Pop singer Pink, real name Alecia Beth Moore, tells WSJ. Magazine she feels her best when she finds time to meditate, which for her can take different forms, including yoga and journaling. Above all, though, the pop singer and songwriter finds comfort in wholesome rituals as revealed in her latest 2021 interview.
“If that’s just taking a shower and listing off what I’m grateful for, or if it’s brushing my son’s hair or giving him a bath, or making a cup of coffee—everything becomes a ritual if it’s intentional,” says the singer Pink, 41, to WSJ.
Her kids, Willow Sage Hart, 10, and Jameson Moon Hart, 4, sometimes have plans of their own, though. Recording music at home during the pandemic, she says, “I can’t tell you how many takes have been ruined by them knocking on the door, screaming, Where’s my sippy cup?”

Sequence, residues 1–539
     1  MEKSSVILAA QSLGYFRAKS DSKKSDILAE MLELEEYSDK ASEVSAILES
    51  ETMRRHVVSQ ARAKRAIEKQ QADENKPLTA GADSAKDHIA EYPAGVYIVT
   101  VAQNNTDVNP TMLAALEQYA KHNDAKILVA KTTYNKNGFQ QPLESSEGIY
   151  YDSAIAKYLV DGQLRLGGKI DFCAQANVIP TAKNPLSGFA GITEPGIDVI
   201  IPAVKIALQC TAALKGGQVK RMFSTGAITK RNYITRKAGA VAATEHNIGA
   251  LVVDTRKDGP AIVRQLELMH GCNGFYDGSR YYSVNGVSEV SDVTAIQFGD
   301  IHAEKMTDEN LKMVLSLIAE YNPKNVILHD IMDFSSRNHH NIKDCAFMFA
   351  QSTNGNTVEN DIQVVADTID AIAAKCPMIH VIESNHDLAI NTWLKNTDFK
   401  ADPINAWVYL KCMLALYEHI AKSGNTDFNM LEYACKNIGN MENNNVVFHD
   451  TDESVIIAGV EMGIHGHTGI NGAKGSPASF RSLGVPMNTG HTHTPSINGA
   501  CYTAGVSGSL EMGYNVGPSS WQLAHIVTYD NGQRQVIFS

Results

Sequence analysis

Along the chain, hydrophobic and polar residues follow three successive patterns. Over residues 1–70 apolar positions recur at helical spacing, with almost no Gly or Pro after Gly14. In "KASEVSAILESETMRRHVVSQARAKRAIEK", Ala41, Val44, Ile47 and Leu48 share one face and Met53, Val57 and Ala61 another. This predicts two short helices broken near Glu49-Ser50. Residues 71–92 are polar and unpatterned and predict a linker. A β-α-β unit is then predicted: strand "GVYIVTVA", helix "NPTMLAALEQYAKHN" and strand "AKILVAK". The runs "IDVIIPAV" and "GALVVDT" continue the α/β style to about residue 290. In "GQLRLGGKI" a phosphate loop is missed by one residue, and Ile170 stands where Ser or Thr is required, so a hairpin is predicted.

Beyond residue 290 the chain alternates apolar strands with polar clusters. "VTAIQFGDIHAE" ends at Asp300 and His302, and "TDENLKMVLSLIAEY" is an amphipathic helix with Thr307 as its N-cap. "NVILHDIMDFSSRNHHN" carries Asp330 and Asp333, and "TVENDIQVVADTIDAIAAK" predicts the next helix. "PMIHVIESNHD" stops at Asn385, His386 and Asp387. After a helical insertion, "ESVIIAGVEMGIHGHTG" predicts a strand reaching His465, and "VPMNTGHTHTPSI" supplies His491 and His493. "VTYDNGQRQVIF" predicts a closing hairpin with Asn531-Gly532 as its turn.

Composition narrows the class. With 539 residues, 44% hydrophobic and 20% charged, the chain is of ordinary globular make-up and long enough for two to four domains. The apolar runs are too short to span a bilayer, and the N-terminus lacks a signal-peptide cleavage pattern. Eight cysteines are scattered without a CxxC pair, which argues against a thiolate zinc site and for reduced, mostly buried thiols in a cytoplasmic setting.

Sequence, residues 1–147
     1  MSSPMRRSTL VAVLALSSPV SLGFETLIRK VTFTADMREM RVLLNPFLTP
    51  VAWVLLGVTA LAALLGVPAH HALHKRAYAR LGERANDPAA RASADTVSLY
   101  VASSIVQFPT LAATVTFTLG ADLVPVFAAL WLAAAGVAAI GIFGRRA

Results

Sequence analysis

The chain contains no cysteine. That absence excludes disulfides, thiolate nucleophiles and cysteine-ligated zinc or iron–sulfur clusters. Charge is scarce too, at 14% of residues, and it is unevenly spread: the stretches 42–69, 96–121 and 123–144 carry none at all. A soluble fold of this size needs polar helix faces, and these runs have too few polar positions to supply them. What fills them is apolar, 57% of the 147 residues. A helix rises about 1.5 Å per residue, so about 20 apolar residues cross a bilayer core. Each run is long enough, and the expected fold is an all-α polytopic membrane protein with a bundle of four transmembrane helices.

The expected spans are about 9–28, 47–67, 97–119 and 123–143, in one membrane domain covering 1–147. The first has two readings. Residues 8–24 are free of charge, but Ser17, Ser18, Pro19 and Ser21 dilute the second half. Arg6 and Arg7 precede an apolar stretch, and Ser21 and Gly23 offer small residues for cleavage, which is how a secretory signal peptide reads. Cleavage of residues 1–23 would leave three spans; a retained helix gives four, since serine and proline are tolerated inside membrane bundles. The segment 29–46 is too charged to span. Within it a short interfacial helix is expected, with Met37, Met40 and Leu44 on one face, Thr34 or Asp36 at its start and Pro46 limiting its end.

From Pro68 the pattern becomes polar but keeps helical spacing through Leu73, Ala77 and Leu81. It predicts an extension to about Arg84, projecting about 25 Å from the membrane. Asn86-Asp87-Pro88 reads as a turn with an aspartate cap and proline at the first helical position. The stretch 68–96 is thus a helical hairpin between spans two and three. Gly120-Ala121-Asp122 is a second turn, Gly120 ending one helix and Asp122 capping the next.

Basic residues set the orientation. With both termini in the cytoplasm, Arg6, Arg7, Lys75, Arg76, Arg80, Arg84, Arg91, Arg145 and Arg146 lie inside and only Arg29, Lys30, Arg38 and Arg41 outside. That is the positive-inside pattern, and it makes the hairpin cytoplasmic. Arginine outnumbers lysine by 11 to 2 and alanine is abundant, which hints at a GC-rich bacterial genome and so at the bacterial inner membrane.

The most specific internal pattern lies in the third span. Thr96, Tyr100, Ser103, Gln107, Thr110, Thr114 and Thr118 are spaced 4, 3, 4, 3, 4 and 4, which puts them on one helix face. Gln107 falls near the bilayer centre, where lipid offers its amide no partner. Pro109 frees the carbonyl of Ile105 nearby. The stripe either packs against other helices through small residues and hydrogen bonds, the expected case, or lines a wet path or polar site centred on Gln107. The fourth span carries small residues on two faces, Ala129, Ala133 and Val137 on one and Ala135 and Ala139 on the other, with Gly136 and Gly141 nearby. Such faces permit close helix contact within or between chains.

Moore was born in Doylestown, Pennsylvania. At age 14, she started performing with the stage name Pink, which she adopted from Steve Buscemi’s character, Mr. Pink, in “Reservoir Dogs.” She joined a girl band, called Choice, when she was 16, and after they disbanded in 1998 she rose to fame with her debut solo album, “Can’t Take Me Home,“ in 2000. She’s since released nine albums; won three Grammys; and become known for her acrobatic performances, where she soars over stadiums full of fans. “I’m a better singer upside down,” she says in a new documentary about her life and career, “Pink: All I Know So Far,” which Amazon Prime Video released last month.